Ever heard of the term “you are what you eat?” Well, no one takes this more seriously than today’s top athletes. They need to ensure that their bodies receive the correct balance of nutrients and energy and avoid potentially harmful additives. So it’s no surprise to find that top athletes are turning to sustainably produced foods to ensure their success.
I know this first-hand from conversations I have had with Will Witherspoon, linebacker for the Tennessee Titans – and sustainable farmer. Will is a unique human being; a gentle, humble and quiet spoken man whose day job is making the quarterback’s life as uncomfortable as possible. He’s also passionate about producing sustainable, healthy and nutritious food on his family farm, Shire Gate Farm, near Owensville, Missouri.
Through our farming connection, I have been very fortunate to have got to know Will and he’s become a family friend. On several occasions, he has given both my sons one of those talks that only a true sportsman can. As any dad knows, we can talk until we are blue in the face about the need to eat well and look after yourself, and to dedicate yourself to your sport. Yet after one minute chat with Will, my boys are immediately re-energized and focused. Will has the gift of being able to communicate the connection between what goes in their mouths and their performance out on the field in a way that most dads can only dream of. In today’s junk food world, where childhood obesity is common place and diet-related ill health is epidemic, this kind of education is truly priceless.
Will and I have spoken at length about the connection between the food we eat and our health. When Will bought Shire Gate Farm as a working farm in 2007, he wanted to farm it “right.” After much research, he chose the White Park cattle breed to start building up his herd as they are docile, thrive in a grassfed environment, and provide superior milk and meat. His research also led him to Animal Welfare Approved (AWA) and pasture-based farming: “I wanted Shire Gate Farm to be true to nature and true to the way things should be done,” he explained on one of my visits to the farm. “That means putting the welfare and care of the animals first.”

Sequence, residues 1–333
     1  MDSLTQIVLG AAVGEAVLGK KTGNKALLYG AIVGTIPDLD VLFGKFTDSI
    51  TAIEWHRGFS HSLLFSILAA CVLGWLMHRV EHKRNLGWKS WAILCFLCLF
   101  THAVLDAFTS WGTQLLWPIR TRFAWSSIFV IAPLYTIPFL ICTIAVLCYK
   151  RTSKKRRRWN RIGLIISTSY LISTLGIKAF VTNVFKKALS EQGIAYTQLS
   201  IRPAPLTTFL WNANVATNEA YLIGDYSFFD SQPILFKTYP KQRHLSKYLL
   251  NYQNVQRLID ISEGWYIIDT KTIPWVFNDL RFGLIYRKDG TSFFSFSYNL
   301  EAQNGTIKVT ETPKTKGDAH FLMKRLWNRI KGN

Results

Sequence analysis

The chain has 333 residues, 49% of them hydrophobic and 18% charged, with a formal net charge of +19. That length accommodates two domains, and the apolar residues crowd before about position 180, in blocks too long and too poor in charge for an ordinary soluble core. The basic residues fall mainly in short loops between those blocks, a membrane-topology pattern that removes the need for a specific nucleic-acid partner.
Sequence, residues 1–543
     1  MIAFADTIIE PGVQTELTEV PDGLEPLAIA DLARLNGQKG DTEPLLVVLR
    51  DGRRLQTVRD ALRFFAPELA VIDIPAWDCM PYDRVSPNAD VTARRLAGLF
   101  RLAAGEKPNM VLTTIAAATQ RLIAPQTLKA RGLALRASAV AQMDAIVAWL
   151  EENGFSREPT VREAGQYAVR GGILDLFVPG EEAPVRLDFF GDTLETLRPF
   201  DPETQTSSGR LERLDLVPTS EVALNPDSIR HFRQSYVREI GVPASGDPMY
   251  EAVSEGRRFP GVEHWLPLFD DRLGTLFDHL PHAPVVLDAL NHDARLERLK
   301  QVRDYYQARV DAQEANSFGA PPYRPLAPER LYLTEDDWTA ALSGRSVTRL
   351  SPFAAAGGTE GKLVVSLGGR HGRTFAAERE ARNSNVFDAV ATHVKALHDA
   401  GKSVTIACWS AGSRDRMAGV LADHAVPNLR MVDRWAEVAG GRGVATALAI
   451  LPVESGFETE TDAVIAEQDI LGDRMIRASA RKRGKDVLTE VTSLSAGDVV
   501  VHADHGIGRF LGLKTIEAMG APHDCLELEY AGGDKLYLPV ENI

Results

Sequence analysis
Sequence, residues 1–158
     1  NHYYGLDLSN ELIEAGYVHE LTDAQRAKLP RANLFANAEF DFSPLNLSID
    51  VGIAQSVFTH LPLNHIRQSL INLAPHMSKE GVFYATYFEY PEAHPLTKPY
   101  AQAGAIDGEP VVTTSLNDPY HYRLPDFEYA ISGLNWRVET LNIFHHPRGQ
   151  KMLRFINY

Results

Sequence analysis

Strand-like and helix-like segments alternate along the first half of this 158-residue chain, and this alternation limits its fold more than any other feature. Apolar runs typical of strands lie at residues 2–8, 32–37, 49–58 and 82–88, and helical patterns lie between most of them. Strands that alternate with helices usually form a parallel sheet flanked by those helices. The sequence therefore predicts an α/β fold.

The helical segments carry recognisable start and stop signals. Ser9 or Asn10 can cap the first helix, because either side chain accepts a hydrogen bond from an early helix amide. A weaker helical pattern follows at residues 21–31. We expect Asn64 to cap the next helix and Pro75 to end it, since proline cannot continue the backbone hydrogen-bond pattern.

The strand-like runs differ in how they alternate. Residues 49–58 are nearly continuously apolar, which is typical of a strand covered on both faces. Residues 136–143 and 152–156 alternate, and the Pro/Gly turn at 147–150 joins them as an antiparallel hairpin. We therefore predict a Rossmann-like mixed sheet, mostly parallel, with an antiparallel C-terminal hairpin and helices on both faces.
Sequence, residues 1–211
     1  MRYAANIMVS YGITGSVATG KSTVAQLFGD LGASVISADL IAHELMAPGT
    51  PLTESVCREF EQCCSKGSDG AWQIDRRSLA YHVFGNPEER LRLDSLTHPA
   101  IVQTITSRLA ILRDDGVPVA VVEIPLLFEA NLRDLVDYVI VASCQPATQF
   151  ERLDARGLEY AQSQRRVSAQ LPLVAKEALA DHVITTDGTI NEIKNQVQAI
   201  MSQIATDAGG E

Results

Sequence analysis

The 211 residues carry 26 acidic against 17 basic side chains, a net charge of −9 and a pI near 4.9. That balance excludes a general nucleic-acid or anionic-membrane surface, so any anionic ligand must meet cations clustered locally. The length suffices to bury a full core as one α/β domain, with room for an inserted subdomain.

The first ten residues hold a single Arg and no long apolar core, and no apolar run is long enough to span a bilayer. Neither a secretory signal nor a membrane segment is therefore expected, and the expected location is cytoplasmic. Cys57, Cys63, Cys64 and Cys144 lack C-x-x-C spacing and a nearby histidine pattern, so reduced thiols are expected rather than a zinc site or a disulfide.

As a professional athlete involved in one of the world’s most physical and competitive sports, Will is particularly aware of the health benefits of grassfed, high-welfare farming. “I want my kids, and all kids really, to grow up in a way that is more in touch with the natural environment,” he explained. “My cattle are raised as nature intended, on grass, and aren’t fed growth hormones, antibiotics or other unnatural additives. As a pro football player, I can’t take over-the-counter cold medicine without letting my trainer know about it. Why would I want my kids eating beef from cattle fed hormones or routine antibiotics?”
Will’s concerns about how he farms and the food his family eats are well founded. We know that the nutritional quality and taste of meat is the result of how an animal is fed, raised and ultimately slaughtered. I mentioned above the old saying ‘You are what you eat;’ so when you buy grassfed meat what are you eating?
Omega-3s are often referred to as “good fats“, because they play a vital role in every cell and organ system in the human body. People who have ample amounts of omega-3s in their diet are less likely to have high blood pressure or an irregular heartbeat. These crucial healthy fats are most plentiful in flaxseeds and fish, and are also found at much higher levels in meat from animals that have been raised on grass when compared to cheap, intensively farmed grain-fed meat. Conjugated linoleic acid (CLA) is another “good” fat worth examining. Scientists now believe that CLA may be one of our most potent defenses against cancer; and when ruminants are raised on fresh pasture, their meat and milk contains three to five times more CLA than from animals fed grain-based diets. Similarly, we know that vitamin E in our diet is linked with a lower risk of heart disease and cancer. Research has also shown that grassfed meat is higher in vitamin E than meat from grainfed animals.
So where does AWA fit in all this? AWA has the most rigorous standards for farm animal welfare currently in use by any United States organization, and they exist for good reason. Our standards have been developed in collaboration with scientists, veterinarians, researchers, and farmers across the globe to maximize practicable, high-welfare farm management. Why? Because research shows that if animals are kept on farms where they are not overcrowded, where they can perform their natural behaviors on pasture, where they are fed a diet that matches their natural needs, and where they are managed to promote health and well-being then they are happier and healthier. The end result? Better tasting, more nutritious meat, milk and eggs from sustainably managed family farms that we can all feel good about eating – and that includes the Witherspoon family. Animal Welfare Approved: not just food for thought, but food for sport.
For more information on Shire Gate Farm visit www.shiregatefarm.com